Dharamsala, Nov.15 : Tibetan spiritual leader, the Dalai Lama, is said to be seeking fresh answers to questions about securing autonomy for all Tibetans. The Dalai Lama shocked his followers last month when he said he had failed in his efforts to negotiate a "middle way" with China by asking for real autonomy, rather than independence.
"As far as I'm concerned, I have given up," he said.
He also called for a six-day conference of 600 Tibetan exiles to discuss their movement's future in the light of the violent anti-Chinese protests in Tibet this year.
That meeting, which begins on Monday, could ultimately lead to the Dalai Lama taking a more hard line stance and resuming his calls for independence for the first time in 30 years.
Some fear it could encourage younger Tibetans to adopt violent tactics, despite the Dalai Lama's opposition, which earned him the Nobel Peace Prize in 1989. Others worry that, whatever the result, it will play into the hands of the Chinese Government, which is intent on dividing the exiled community.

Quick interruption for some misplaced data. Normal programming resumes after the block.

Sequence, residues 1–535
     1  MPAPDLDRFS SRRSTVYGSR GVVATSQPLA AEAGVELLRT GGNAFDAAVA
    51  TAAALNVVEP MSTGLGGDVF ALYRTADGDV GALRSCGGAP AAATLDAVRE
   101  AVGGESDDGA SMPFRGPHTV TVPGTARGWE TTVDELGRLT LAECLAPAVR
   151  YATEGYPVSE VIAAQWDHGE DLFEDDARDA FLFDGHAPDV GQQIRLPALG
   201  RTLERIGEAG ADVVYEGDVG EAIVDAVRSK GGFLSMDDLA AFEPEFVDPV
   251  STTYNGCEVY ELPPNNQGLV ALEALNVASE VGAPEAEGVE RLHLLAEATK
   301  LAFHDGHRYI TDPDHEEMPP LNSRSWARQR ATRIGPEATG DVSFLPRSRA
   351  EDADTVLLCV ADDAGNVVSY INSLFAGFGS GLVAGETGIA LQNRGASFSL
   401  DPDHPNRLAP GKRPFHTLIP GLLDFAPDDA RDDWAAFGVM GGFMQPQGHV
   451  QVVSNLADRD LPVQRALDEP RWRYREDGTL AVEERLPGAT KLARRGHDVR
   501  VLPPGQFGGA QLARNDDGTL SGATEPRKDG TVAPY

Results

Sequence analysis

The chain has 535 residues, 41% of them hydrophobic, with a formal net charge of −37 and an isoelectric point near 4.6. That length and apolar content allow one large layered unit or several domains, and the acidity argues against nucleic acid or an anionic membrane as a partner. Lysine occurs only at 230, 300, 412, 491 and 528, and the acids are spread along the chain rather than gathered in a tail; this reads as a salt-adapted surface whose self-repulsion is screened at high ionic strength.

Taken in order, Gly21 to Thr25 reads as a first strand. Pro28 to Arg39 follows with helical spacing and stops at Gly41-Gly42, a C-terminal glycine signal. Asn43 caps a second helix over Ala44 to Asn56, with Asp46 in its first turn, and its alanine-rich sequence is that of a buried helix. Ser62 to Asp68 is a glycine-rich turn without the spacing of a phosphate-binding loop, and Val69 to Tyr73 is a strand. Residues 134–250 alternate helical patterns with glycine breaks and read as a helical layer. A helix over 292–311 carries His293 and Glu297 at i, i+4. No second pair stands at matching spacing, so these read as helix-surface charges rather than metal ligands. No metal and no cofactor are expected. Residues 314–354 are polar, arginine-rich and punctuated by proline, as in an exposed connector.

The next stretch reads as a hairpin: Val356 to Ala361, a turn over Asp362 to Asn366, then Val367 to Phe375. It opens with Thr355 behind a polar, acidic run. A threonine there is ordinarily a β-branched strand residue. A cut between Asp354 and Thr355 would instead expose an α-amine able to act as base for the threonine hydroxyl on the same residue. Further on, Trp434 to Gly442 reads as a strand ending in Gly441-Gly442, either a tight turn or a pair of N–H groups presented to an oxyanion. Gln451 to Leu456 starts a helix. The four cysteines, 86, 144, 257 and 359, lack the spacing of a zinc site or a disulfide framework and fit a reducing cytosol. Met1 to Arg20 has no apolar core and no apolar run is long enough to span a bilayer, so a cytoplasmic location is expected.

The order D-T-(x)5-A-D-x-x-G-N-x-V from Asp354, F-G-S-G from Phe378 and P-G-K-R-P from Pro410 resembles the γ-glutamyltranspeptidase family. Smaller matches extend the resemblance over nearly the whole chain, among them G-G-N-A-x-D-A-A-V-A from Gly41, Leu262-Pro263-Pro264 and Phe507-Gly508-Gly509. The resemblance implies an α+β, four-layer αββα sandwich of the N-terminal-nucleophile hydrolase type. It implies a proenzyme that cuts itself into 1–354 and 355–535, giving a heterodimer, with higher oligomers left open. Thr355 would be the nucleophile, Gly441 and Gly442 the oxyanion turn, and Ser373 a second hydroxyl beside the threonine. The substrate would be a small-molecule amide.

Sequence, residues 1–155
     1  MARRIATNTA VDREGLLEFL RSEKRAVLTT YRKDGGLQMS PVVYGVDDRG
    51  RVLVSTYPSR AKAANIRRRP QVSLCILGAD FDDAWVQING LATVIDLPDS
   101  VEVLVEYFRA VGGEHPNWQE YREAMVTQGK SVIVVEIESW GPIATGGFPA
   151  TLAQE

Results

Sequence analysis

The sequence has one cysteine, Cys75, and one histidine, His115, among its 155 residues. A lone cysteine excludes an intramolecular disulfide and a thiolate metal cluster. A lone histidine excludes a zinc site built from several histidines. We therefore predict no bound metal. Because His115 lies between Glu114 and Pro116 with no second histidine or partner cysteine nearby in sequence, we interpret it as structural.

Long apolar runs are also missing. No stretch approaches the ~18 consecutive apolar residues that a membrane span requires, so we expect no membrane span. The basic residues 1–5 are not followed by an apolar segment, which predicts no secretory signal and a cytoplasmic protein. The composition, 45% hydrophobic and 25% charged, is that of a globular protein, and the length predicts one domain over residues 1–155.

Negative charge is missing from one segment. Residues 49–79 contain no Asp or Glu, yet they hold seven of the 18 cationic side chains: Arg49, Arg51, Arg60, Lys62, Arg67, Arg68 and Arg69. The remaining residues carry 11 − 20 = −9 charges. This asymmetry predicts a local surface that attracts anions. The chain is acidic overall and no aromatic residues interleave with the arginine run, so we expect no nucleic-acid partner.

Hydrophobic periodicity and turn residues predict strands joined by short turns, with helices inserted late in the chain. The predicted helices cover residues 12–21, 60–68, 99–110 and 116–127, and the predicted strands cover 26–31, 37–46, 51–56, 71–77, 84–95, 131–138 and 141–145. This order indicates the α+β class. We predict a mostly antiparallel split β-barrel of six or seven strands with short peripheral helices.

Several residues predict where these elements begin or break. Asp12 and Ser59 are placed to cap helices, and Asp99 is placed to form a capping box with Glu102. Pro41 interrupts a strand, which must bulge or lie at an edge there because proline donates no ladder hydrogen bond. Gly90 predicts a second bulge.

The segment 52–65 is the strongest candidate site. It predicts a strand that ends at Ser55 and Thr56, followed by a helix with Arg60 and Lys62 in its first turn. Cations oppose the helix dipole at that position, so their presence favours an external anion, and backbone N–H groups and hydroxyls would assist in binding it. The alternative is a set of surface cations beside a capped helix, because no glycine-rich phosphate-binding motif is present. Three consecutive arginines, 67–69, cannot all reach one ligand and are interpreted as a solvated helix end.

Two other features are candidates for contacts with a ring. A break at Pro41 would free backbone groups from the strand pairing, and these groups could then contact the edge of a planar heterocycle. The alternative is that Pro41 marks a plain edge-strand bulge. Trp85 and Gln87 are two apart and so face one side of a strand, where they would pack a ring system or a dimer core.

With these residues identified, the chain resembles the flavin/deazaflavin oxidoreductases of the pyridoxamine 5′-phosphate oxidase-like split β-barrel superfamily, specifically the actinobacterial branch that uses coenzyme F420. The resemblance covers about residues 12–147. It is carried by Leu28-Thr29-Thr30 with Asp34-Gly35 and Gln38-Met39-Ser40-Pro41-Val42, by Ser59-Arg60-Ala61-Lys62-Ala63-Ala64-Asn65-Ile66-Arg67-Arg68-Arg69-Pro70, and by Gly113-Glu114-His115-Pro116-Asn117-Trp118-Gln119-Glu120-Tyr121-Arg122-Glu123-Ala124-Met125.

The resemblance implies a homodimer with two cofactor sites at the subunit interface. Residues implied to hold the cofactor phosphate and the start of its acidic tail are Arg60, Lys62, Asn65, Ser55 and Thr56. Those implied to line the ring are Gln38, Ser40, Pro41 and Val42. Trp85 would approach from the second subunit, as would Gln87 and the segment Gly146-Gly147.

At the heart of the issue is the question of Tibet's status before Communist troops took control in 1950. The Chinese Government says that Tibet has been part of its territory for centuries, while the Dalai Lama says that it had been de facto independent for hundreds of years.
He is hoping that the conference will provide him with fresh ideas, a new mandate to deal with China and relief from the burden of decision-making.
The problem is that many Tibetans are still reluctant to criticise him or his policies, and the government-in-exile is loath to renounce the middle way.